Hackberry Aphid
Please see the Pest Notes section of the recent Bohart Museum newsletter (below). It sounds like the Hackberry aphid it describes is the one causing the sticky car mess in our neighborhood. It says that the stickiness is water soluble and can be cleaned off with a strong blast of water. It also describes how to control the aphid population. Maybe this information is adequate to address the aphid topic in the neighborhood.

Robin Kozloff -- Oct 25, 2003

Asian Woolly Hackberry Aphid

The Asian Woolly Hackberry Aphid, Shivaphis celti Das, first appeared in the northern Central Valley last fall. The insect is a pest, not because of the damage it does to trees, but because it secretes copious amounts of a sticky honeydew that drips onto whatever is beneath them. This insect is recognizable by a fuzzy, bluish-white wax that covers the body. It is found on the underside of the leaves of hackberry (Celtis occidentalis, also called sugarberry), a commonly planted tree in the Central Valley because of its ability to withstand heat, drought, wind, and alkaline soils. This aphid is not a pest on other plants.

The Woolly Hackberry Aphid was first discovered in Florida in 1997, and has since spread rapidly across the south and into California. The aphid itself is quite small (2-2.5 mm long) but often appears larger because of the fuzzy wax covering. The antennae have a banded appearance, and the veins of the wings (when present) are slightly darkened.

Like many aphid species, summer adults are all female and parthenogenic (able to produce more females asexually). Summer adults may be winged or wingless. In the autumn, winged males and wingless sexual females may be found, which will mate to produce an overwintering egg. This egg stage allows the aphids to survive the winter when there are no leaves on the trees.

The sugary honeydew produced by the aphids often encourages the growth of a black mold. Everything under infested hackberry trees, such as cars, picnic tables, houses, and plants, may get a gooey coating of moldy honeydew. Luckily, because the honeydew is water soluble, a strong spray of water may be enough to rinse away the sticky substance. Spraying smaller trees with an insecticidal soap may serve double duty, by reducing the aphid population and cleaning the sticky surfaces. However, this control measure may have little effect on large infestations (involving many trees) or on a population on a large tree for which it is difficult to spray every leaf. Natural enemies (such as ladybugs and lacewings) may be most effective at reducing the aphid populations in the long run.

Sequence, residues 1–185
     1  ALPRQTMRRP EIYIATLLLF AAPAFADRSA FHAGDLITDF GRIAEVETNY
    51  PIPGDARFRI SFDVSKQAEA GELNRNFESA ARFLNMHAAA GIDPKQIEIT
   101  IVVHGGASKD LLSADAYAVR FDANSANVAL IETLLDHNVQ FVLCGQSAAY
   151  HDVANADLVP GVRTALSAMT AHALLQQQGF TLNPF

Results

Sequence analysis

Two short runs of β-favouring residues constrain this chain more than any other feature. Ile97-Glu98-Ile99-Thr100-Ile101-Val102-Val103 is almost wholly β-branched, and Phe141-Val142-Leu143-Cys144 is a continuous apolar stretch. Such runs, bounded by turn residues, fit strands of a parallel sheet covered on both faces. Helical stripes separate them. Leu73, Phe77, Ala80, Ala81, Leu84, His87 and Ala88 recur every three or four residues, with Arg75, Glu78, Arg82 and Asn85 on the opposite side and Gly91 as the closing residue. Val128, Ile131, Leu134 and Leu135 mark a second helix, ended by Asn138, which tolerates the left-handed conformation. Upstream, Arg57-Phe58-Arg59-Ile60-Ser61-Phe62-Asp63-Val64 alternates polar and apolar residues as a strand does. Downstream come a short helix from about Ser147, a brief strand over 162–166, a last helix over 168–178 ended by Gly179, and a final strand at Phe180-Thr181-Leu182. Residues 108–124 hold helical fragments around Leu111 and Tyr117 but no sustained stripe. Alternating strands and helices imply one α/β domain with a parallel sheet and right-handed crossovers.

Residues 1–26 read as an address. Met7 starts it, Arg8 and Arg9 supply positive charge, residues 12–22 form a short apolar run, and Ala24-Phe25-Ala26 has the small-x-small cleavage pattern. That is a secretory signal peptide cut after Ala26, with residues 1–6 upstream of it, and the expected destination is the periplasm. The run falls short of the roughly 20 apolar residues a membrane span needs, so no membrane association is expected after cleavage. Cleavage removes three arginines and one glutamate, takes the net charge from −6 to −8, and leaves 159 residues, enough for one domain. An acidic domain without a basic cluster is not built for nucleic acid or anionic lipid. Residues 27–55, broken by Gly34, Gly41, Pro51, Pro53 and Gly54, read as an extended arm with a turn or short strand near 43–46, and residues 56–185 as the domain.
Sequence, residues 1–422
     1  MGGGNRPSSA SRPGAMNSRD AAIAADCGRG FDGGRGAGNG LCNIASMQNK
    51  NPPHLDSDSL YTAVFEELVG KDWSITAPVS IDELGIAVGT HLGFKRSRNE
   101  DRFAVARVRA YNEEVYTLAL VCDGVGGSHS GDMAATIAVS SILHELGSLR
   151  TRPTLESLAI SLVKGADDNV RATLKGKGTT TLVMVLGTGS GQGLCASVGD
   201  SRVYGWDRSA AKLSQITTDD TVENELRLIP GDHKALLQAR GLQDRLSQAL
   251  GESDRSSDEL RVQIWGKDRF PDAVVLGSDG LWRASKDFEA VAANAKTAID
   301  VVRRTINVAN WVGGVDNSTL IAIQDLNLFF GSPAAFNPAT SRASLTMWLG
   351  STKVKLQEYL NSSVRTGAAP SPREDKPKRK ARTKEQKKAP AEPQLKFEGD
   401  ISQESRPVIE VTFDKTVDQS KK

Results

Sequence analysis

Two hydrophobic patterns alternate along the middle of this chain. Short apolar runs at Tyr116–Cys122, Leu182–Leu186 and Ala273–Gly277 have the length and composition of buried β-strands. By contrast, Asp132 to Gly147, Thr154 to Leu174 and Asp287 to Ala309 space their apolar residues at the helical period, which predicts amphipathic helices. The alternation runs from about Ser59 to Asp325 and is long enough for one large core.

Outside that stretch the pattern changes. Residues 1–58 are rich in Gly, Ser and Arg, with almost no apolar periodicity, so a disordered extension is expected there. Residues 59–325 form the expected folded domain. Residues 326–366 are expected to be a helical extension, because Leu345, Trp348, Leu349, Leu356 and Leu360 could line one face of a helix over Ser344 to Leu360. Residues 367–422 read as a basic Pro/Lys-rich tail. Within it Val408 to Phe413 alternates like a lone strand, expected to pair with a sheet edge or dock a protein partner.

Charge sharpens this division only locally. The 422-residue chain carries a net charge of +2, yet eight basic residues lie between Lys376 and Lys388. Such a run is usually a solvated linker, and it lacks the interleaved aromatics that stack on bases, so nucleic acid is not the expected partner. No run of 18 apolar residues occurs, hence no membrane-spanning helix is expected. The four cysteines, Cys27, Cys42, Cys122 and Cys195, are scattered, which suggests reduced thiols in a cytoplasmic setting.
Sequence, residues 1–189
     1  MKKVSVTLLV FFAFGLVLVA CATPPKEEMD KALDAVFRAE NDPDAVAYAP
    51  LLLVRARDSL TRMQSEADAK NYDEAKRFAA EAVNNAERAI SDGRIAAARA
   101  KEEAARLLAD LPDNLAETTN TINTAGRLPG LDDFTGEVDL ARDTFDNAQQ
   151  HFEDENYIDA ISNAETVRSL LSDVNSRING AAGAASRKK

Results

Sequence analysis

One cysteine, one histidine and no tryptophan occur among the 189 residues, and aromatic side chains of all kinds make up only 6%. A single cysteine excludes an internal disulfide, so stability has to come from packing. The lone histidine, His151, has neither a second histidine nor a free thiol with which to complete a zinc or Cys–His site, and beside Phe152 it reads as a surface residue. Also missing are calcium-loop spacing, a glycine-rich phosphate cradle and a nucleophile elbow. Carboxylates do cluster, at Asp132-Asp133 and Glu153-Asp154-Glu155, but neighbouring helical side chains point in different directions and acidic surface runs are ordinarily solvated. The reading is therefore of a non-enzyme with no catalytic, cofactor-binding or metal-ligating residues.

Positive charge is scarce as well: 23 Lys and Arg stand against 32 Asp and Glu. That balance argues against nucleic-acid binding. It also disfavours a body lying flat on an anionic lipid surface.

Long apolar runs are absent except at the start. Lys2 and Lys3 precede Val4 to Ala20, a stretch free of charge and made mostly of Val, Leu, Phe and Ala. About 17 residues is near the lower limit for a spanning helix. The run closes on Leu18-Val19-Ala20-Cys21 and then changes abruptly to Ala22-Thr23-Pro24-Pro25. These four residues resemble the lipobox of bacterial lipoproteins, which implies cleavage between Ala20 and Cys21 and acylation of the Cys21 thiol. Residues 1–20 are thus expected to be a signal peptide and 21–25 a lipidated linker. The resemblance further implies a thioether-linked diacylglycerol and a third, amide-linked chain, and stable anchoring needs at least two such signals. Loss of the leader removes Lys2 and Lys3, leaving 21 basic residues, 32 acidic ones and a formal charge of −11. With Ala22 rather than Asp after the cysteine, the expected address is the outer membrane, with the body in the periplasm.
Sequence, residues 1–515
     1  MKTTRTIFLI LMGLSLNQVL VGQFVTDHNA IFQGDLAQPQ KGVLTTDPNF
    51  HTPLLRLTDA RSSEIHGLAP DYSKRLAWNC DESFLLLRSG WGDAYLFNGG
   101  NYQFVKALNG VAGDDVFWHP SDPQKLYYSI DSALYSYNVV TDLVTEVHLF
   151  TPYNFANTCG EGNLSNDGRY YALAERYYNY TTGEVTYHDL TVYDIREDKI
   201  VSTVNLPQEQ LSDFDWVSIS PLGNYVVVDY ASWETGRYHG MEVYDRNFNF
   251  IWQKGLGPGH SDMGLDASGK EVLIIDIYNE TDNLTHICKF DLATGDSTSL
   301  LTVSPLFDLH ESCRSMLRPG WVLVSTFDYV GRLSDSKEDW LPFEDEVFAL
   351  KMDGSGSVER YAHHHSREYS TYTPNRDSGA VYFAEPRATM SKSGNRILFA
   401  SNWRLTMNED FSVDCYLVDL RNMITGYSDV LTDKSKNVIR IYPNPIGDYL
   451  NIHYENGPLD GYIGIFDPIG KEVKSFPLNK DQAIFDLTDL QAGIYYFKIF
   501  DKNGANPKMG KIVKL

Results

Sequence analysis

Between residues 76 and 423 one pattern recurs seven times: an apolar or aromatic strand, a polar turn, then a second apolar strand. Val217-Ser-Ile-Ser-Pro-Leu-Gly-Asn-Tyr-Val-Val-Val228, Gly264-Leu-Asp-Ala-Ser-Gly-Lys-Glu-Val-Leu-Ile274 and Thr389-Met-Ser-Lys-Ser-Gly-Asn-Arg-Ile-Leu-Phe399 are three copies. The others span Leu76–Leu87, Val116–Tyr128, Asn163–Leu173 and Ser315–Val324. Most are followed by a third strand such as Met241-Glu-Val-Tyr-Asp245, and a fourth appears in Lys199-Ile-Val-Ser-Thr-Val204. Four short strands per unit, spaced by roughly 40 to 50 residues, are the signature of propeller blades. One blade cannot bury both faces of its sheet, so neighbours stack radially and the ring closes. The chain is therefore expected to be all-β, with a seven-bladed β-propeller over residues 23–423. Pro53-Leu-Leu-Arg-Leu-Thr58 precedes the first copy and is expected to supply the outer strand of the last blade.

Bohart Museum Society Newsletter
Spring 2003

We have three hackberry trees and Don Schorr of Redwood Barn diagnosed the etiology. He recommended a Bayer product called "Advanced Garden Tree & Shrub Insect Control" that is nearly organic. It is applied to the base of the plant and worked very well.

Craig Blomberg -- Nov 24, 2003

I spoke with Don Shor of Redwood Barn (on 5th between L and Pole Line) today who confirmed that the aphids, while a nuisance due to their sticky secretions, do not weaken or stress the Hackberry trees. Below is what he recommends. More information on this can be found on the Redwood Barn website under the Pest Notes section.

The good news is that beneficial insects (natural aphid predators), especially lacewings and ladybugs, have been observed establishing populations on infested trees, so some level of control may occur naturally. It would be a good idea for folks to learn to recognize lacewing eggs and the larva and pupa stages of ladybugs.

In terms of human intervention, systemic insecticides are the most likely effective control measure. This involves drilling small holes in the tree and injecting the pesticide into them.

Robin Kozloff -- Dec 7, 2003

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